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Automated System Improves Accuracy of HER-2 Scoring

Automated System Improves Accuracy of HER-2 Scoring

SAN ANTONIO—By using a system combining color-based imaging and automated microscopy, pathologists were able to significantly improve their accuracy in evaluating HER-2 protein expression in breast cancer tissue, said Kenneth Bloom, MD, of Rush-Presbyterian-St. Luke’s Medical Center, Chicago.

In a study presented at the 23rd Annual San Antonio Breast Cancer Symposium, 10 pathologists evaluated slides from 129 patients with invasive breast cancer for HER-2 expression using manual immunohistochemistry (IHC) and fluorescence in situ hybridization (FISH). The IHC analysis was then repeated using ChromaVision Medical System’s automated cellular imaging system (ACIS). More than 1,250 staining intensity scores were evaluated.

The pathologists’ previous experience in evaluating HER-2 status ranged from 2 to 3 analyses a week to more than 50 analyses a day. This range of experience was reflected in their accuracy in manual IHC scoring, which ranged from 42% to 92%, based on concordance with FISH (Figure 1). Scoring accuracy improved to a range of 91% to 95% using ACIS-assisted IHC, Dr. Bloom reported.

With use of ACIS, the pathologist who was the least accurate manually (42%) improved to an accuracy equal to that of the most accurate manual reader (92%) (see Figure 1). "Everybody becomes as good as the expert with ACIS," he said.

Using ACIS benefits the pathologist by establishing consistency and uniformity. "The ACIS system can virtually eliminate interlaboratory variability and allow for consistent and reliable interpretation of IHC results among pathologists and laboratories," Dr. Bloom said. Agreement among the 10 pathologists was 72% using manual IHC, which improved to 95% with ACIS-assisted IHC. "Any pathologist evaluating the same slide will get the same result," he said.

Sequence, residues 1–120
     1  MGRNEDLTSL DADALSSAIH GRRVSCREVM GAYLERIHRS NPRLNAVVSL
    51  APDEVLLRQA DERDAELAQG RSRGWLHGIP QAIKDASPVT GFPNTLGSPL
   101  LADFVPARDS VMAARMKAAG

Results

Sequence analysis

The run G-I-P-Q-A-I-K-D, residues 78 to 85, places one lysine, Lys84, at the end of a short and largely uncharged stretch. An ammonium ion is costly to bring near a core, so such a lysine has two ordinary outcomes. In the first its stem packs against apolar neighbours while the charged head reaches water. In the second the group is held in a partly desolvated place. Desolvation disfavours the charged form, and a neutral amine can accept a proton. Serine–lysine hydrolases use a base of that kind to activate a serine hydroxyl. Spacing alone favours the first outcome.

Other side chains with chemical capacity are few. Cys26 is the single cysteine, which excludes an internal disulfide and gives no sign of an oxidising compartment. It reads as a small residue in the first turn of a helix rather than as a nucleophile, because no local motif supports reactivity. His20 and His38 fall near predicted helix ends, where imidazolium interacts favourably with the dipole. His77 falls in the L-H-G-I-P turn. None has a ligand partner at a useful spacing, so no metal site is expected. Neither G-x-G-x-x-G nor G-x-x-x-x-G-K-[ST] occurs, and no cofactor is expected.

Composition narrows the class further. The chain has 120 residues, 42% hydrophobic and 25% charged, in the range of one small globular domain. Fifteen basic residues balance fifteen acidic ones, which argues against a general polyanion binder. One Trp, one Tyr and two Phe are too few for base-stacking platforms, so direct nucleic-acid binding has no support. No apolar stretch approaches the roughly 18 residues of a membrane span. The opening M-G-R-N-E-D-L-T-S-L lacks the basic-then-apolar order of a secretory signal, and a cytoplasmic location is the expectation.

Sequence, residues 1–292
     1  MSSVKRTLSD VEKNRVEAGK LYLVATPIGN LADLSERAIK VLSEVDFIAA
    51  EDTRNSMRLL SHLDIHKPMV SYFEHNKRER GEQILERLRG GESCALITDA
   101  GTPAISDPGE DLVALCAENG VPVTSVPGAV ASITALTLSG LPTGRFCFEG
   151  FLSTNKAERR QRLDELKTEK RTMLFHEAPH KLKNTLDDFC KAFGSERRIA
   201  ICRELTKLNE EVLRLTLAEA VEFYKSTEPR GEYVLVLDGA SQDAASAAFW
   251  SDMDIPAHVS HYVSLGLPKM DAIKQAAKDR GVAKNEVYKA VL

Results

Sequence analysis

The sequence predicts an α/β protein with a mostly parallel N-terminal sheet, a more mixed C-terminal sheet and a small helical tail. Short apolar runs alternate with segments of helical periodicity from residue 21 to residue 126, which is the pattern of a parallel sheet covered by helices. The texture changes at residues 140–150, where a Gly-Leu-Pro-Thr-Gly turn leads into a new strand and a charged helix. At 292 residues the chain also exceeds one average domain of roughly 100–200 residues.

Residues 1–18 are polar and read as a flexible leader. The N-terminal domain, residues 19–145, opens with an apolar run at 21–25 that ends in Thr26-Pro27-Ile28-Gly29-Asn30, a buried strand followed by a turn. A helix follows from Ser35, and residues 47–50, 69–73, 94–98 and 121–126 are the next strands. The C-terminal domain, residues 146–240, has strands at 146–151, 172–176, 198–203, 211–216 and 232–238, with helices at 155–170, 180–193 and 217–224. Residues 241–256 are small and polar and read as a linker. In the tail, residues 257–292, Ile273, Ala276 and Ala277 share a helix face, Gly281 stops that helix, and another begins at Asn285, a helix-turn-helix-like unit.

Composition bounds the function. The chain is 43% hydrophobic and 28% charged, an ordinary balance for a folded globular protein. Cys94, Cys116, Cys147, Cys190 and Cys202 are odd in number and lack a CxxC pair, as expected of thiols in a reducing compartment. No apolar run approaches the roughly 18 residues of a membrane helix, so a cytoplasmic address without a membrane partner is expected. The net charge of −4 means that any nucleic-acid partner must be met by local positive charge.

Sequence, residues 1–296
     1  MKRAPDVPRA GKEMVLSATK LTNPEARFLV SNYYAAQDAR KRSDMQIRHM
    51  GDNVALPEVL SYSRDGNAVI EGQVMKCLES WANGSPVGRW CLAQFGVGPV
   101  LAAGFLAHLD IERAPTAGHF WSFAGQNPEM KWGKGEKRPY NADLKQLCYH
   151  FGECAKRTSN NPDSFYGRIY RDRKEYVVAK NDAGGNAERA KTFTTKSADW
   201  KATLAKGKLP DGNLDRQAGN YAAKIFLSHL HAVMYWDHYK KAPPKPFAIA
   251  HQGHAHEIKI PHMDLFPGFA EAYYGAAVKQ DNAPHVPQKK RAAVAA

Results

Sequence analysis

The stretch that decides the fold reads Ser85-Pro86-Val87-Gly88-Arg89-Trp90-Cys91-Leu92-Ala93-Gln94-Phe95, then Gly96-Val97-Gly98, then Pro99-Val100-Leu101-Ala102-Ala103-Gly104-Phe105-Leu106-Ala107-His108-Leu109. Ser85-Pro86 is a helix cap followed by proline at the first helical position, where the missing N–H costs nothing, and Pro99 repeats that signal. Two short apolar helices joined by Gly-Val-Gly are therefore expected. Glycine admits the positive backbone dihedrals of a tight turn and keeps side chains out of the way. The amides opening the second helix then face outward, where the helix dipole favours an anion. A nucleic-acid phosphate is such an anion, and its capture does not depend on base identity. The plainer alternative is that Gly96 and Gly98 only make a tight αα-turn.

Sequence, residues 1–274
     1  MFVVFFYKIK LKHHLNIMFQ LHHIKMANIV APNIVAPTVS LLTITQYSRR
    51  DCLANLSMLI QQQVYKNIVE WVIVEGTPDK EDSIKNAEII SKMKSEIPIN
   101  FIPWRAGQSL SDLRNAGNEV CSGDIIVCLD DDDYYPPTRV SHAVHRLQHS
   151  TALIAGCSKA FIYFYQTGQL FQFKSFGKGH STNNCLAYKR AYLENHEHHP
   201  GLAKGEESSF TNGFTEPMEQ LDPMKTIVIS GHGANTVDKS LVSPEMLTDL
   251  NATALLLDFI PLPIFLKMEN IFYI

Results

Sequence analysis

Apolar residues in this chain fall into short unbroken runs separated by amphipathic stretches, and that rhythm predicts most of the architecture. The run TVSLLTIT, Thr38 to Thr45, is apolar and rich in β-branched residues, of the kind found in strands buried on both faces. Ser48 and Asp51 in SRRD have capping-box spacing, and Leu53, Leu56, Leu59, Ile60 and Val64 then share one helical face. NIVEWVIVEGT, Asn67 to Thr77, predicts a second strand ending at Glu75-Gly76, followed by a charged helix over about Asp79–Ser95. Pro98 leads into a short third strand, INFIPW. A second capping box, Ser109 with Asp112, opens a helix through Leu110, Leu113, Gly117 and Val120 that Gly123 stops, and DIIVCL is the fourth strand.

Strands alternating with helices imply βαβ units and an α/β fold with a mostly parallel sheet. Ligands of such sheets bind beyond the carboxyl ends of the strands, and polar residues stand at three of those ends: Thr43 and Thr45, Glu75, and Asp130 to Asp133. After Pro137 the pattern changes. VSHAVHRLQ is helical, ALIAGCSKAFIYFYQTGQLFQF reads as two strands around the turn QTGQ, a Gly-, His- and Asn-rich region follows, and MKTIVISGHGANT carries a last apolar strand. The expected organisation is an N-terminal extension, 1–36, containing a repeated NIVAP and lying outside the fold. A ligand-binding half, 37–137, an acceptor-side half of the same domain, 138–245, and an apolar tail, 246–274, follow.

With an IHC-based test, like HercepTest (DAKO, Carpinteria, California), which was used in the study, the pathologist must analyze the amount and intensity of the color stain. However, the human eye is limited in its ability to distinguish various hues of the same color. ACIS, by comparison, is designed to identify minute differences between cells. It can distinguish up to 256 levels of intensity of a single color, compared to 4 levels discernible by the human eye, according to ChromaVision (Figure 2).

The ACIS system scans an area of a slide selected by the pathologist and shows that area at high power on a monitor. The system uses color criteria and pattern recognition software to identify the cells that overexpress HER-2, and then it reports the score to the pathologist.

Breast cancer patients whose tumors overexpress HER-2 are candidates for trastuzumab (Herceptin), a monoclonal antibody that binds to HER-2 receptors and slows tumor growth.

The HercepTest is scored manually from 0 to 3+ (0 to 1+, negative; 2+, weak positive; and 3+ strong positive). The cut-off point for determining trastuzumab treatment in the United States is 2+. Thus, accurate readings of slides for HER-2 expression are important because they affect the course of therapy for the patient, Dr. Bloom said.

While FISH also produces a quantitative measurement, it measures copies of the HER-2/neu gene rather than the expression of HER-2/neu protein. It is also more costly and complex to use than ACIS, according to ChromaVision.

The ACIS software can detect one abnormal cell among more than 100 million normal cells, ChromaVision said. The technology had its origins in the US military’s Star Wars missile defense program, where it was used to distinguish between active nuclear warheads and decoys. When the military spun off the technology, ChromaVision (San Juan Capistrano, Calif) acquired the patent rights.

ACIS, approved by the FDA in 1999, has been available for HER-2 testing for about 1 year. The technology is also being used to measure estrogen and progesterone receptors, Ki-67, and p53, and to evaluate cancer micrometastases in bone marrow, lymph nodes, and other tissue.

ChromaVision supplies the technology to labs on a fee-per-use basis. Clients receive the entire computerized microscopy system, but ChromaVision retains ownership of the system itself.

 
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